Who owns the digital pipelines?

Cord-cutting continued in 2019 as U.S. consumers dropped pricey cable TV bundles in favor of internet-based TV and movie options. As the cable/broadband industry consolidates, three major players — Comcast, Charter and AT&T — now control most of America’s digital pipelines.

Subscribers to U.S. video and internet services (Q4 2019 or as noted)

Company Consumer Digital TV Consumer Internet  
COMCAST 21,250,000 28,600,000 Added 1.4 million internet customers in 2019; 9.9 million voice customers
CHARTER  16,140,000 26,670,000 9.4 million telephone subs
ATT (includes DIRECTV) 19,500,000 15,400,000 62.3 million consumer wireless devices; more than 4 million video subs lost from DIRECTV, AT&T U-verse, and AT&T TV NOW in 2019
VERIZON FIOS 4,230,000 6,960,000 94.5 million wireless customers
COX 3,865,000 5,170,000 Q4-2019 estimates
ALTICE 3,179,000 4,187,000 Q4-2019 estimates: about 4.6 million voice customers
DISH 9,394,000  595,000 Includes Sling TV subscribers
CenturyLink n.a. 4,680,000  

Sources: Company reports, Leichtman research

Internet and smartphone growth have slowed, Mary Meeker reports

Mary Meeker’s 2018 report on the state of the internet, via ReCode

In her annual state-of-the-internet report, Mary Meeker sizes up changes last year and emerging trends for next year. Here are a few of many takeaways. Review all of the slides below.

  • Smartphone and internet growth have slowed. With more than half the world online, there are fewer people left to connect. Time spent online, however, is still increasing.
  • Voice-controlled products like Amazon Echo are taking off.
  • Tech companies are facing a “privacy paradox.” They’re caught between using data to provide better consumer experiences and violating consumer privacy.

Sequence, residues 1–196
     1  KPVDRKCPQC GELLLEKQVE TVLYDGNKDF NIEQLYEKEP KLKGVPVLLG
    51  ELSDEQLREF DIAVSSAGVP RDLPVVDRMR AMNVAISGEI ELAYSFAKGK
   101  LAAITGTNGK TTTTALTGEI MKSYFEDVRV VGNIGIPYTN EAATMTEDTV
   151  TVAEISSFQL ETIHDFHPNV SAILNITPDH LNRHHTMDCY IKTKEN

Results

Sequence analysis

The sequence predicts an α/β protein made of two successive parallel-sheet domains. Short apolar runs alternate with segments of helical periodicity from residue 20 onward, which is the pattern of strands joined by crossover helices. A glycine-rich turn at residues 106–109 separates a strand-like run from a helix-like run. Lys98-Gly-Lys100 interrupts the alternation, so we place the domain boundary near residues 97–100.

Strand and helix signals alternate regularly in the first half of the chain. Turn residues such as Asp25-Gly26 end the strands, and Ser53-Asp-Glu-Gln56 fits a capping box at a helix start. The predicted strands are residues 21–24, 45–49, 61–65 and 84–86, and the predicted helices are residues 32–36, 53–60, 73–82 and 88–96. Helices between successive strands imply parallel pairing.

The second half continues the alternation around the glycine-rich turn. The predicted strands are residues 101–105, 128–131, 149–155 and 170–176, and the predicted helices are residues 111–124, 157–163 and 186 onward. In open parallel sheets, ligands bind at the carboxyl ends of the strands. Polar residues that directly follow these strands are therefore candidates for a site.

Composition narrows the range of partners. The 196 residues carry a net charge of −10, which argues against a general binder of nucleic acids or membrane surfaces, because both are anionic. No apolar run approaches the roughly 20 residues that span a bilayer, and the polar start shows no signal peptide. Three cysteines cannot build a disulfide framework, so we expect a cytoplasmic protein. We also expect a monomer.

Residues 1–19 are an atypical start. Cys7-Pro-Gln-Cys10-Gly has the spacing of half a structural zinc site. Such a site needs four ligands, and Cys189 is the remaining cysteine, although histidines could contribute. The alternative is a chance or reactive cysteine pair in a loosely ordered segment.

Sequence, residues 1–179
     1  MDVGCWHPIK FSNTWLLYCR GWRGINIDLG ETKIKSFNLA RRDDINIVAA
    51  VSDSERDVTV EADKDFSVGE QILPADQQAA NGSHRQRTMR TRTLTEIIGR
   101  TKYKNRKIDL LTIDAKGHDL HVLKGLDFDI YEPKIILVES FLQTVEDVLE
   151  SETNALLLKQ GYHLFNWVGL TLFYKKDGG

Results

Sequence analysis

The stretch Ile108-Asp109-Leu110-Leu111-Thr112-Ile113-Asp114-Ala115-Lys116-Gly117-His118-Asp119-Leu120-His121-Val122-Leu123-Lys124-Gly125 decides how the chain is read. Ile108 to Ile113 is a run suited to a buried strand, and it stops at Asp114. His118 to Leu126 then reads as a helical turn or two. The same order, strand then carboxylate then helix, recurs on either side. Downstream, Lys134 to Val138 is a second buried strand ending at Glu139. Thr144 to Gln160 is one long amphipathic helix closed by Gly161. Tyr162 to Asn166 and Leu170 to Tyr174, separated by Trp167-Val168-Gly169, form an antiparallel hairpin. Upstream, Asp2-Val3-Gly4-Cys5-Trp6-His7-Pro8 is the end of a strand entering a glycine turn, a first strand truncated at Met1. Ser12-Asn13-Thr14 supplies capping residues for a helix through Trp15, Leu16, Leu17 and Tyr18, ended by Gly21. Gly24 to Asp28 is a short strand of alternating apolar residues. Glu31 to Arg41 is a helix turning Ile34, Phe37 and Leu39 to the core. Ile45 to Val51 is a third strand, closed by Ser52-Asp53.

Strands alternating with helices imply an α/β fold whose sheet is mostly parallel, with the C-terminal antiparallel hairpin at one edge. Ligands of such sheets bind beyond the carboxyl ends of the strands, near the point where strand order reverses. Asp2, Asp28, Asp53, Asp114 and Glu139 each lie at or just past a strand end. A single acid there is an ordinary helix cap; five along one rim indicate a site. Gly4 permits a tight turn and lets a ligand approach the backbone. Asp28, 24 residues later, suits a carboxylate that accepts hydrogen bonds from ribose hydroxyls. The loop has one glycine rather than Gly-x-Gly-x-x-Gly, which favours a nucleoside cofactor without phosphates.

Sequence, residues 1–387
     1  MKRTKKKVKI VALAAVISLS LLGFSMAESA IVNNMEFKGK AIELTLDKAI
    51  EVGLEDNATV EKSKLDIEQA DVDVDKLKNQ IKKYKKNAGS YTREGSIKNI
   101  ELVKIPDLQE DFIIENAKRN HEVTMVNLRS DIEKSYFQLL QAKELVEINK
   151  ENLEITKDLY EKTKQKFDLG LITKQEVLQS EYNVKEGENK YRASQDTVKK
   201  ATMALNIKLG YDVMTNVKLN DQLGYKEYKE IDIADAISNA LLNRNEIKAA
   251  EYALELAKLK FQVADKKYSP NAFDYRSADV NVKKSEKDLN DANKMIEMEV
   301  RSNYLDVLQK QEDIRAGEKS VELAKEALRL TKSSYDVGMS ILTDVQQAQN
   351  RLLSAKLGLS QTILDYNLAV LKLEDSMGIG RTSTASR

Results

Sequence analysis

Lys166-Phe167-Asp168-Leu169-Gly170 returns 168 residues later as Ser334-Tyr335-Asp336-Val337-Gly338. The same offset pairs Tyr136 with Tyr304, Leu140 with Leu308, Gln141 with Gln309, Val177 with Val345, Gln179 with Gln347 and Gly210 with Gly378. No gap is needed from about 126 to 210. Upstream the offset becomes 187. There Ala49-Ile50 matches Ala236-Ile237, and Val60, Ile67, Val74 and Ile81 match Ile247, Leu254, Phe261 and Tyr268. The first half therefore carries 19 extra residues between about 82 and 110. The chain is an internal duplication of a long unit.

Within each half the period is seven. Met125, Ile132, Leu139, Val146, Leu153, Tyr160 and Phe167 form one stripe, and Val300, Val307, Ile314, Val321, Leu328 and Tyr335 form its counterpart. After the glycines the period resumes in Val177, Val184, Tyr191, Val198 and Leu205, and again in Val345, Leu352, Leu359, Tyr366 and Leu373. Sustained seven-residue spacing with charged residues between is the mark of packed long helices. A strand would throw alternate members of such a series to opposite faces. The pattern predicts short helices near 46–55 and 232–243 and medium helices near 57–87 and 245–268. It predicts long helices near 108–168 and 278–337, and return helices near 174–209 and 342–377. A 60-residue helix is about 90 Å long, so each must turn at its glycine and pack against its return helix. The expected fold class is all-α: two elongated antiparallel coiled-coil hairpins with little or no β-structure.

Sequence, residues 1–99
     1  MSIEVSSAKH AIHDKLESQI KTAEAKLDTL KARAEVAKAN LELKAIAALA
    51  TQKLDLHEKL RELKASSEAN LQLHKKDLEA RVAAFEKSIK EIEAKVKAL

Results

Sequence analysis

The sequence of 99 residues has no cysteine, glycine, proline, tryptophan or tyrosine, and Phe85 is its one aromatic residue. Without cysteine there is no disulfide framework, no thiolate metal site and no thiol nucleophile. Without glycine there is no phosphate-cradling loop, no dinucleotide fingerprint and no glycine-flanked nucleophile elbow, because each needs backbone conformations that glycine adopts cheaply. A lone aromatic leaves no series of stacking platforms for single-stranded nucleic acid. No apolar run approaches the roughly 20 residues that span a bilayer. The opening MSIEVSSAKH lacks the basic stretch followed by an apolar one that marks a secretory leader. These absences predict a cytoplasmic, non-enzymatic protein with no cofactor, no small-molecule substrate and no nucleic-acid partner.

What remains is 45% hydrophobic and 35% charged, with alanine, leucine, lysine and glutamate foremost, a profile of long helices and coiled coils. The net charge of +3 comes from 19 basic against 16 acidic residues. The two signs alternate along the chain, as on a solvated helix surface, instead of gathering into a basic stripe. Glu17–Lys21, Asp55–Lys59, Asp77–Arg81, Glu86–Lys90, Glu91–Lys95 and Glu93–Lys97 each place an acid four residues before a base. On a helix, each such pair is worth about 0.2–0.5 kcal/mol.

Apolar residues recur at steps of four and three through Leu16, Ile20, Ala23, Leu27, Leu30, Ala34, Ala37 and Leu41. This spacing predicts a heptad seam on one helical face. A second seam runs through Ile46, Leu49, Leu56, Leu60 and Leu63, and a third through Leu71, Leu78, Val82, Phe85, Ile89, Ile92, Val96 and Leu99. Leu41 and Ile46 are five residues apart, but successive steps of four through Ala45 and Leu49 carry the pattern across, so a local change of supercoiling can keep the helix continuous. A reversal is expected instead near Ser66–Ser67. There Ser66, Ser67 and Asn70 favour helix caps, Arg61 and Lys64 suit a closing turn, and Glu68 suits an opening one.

• E-commerce growth is accelerating; physical retail sales are continuing to decline.
  • Streaming TV contenders 2017

    More than one third of U.S. broadband households had a connected TV early in 2017, 45% had a smart TV, and almost half had a gaming console, according to this Parks Associates study. From the consumer’s perspective, this rapidly evolving internet-video landscape can be roughly divided into media streaming devices you need to get access, services which offer live streaming TV channels (in effect, a virtual cable TV subscription) and the grand variety of video-on-demand programming services which offer movies, TV shows and more for streaming.

    Competition reached a boiling point late in 2017 among the key players: Amazon, Netflix, Apple TV, Comcast, Disney, Roku and many others.

    Live TV streaming services

    DirecTV Now (AT&T) – More than 100 live channels – $35/month
    Hulu with Live TV – $8/month
    Instant TV (from Comcast, due Sept 2017)
    PlayStation Vue – $40/month and up
    Sling TV (Dish) – $20/month
    YouTube TV – $35/month

    Subscription video on demand (SVOD) services

    Acorn TV – Best of British TV
    Amazon Prime Video – Deep catalog of movies, plus original TV series.
    CBS All Access – Live and on-demand CBS shows plus NFL games.
    fuboTV Premier– Live HD streams of MLB, NBA, NHL games.
    HBO NOWGame of Thrones, Veep, Silicon Valley, Westworld and other HBO titles on demand.
    Hulu – On-demand TV with a new slate of original titles including The Handmaid’s Tale.
    Netflix – The leading service for streaming TV shows and movies, also offering Netflix Original shows.
    Showtime AnytimeHomeland, Billions, The Affair and other original series.
    Starz – Original series and movies

    Streaming media enabling devices

    Smart TV – Most TVs sold today are “smart,” meaning they have internet connections and TV apps installed.
    Roku – The leading supplier of connected TV devices supports just about every programming service except iTunes – Roku Streaming Stick (3600R) | Portable HD Streaming Player, Quad-Core Processor, Dual-Band Wi-Fi, Point Anywhere Remote (Certified Refurbished)
    Amazon Fire TV – Supports Amazon Video, Netflix, YouTube, Hulu and many more, at 4K video quality – Fire TV Streaming Media Player or Fire TV Stick with Alexa Voice Remote
    Chromecast – Latest version of Chromecast Ultra supports 4K and HDR quality video.
    Apple TV – (Upgrade expected Sept 2017) – Supports Netflix, Hulu, HBO NOW and WatchESPN, with Siri Remote

    More information

    Consumer Reports guide to streaming TV services and Wirecutter recommendations. The Simple Dollar offers a guide to cord-cutting. TV set reviews from Rtings.com or Reviewed.com or CNET labs.